The MG 42 (shortened from German: Maschinengewehr 42, or "machine gun 42") is an 8mm Mauser general purpose machine gun designed in Nazi Germany and used extensively by the Wehrmacht and the Waffen-SS during the second half of World War II.
The MG 42 was seen in Fury used by many German troops. The Allies had nicknamed the MG 42 "Hitler's Buzz Saw" beacuse of its high rate of fire and power.
Intended to replace the more expensive and time-consuming to manufacture frontline MG-34, they ended up produced in tandem until the end of the war.
The MG 42 has a proven record of reliability, durability, simplicity, and ease of operation, but is most notable for its ability to produce a high volume of suppressive fire. The MG 42 had one of the highest average cyclic rate of any single-barreled man-portable machine gun: between 1,200 and 1,500 rpm, which results in a distinctive muzzle report.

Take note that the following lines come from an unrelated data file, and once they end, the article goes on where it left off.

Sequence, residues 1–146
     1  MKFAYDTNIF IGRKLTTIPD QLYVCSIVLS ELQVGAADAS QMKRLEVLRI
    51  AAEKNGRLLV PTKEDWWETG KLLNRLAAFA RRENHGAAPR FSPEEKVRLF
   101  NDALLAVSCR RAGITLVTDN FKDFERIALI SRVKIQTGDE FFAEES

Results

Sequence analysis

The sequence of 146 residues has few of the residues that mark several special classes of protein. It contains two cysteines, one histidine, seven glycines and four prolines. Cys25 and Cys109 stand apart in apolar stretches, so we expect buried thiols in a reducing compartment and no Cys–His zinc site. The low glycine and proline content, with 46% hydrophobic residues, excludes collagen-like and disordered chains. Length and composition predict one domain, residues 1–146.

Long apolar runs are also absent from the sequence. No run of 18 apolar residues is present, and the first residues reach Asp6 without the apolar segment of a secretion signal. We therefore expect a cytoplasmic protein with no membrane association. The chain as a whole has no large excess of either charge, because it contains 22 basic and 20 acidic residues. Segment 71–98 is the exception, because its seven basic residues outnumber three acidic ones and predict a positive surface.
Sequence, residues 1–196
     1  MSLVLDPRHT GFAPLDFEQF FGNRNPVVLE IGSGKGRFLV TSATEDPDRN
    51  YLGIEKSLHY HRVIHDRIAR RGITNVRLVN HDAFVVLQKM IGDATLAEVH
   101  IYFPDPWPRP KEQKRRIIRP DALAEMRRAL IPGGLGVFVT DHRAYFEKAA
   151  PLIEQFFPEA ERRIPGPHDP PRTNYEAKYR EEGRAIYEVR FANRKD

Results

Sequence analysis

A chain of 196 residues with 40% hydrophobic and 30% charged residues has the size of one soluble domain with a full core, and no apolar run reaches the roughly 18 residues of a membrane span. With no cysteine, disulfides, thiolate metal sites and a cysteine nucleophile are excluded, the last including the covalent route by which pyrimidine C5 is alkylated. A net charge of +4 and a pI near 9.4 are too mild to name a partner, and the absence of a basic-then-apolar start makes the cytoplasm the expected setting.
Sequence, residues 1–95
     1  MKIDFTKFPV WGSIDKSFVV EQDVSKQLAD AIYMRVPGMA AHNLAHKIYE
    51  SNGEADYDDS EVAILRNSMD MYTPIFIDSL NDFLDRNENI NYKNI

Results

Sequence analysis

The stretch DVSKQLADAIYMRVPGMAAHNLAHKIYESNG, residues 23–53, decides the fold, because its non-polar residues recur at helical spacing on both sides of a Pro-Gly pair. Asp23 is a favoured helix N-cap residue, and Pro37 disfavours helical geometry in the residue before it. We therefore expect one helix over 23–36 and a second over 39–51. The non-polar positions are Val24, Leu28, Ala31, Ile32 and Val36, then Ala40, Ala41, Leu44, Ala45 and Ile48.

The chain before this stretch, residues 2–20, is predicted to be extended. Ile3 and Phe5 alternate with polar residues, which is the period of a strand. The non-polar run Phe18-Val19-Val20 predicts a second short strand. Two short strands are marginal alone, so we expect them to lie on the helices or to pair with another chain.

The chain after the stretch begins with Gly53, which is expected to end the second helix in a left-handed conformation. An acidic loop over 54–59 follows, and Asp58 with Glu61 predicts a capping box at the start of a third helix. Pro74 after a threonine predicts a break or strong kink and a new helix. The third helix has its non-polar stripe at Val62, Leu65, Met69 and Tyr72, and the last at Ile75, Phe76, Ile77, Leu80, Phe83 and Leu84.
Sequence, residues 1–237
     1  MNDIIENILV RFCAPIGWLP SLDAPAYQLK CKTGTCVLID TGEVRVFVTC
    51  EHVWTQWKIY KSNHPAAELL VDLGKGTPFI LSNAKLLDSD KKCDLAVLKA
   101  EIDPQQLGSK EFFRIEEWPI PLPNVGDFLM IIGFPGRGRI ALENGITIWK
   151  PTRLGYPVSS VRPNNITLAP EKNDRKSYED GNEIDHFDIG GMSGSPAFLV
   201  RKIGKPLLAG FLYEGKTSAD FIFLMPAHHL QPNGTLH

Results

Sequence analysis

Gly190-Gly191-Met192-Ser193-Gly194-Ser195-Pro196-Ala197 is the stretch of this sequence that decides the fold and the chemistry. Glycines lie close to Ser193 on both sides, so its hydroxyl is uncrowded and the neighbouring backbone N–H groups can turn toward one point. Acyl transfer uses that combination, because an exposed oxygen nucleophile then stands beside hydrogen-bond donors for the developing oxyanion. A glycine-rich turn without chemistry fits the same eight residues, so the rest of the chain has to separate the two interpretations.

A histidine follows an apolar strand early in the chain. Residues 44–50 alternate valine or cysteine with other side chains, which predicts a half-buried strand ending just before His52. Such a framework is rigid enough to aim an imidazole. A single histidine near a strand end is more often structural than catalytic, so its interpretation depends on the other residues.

The MG 42's lineage continued past Nazi Germany's defeat, forming the basis for the nearly identical NATO round chambered MG1 (MG 42/59), which subsequently evolved into the MG1A3, then the Bundeswehr's MG 3. It also spawned the Swiss MG 51, Zastava M53, SIG MG 710-3, Austrian MG 74, and the Spanish 5.56mm Ameli light machine gun, and lent many design elements to the American M60 and Belgian MAG. The MG 42 was adopted by a number of armed organizations after the war, and was both copied and built under licence.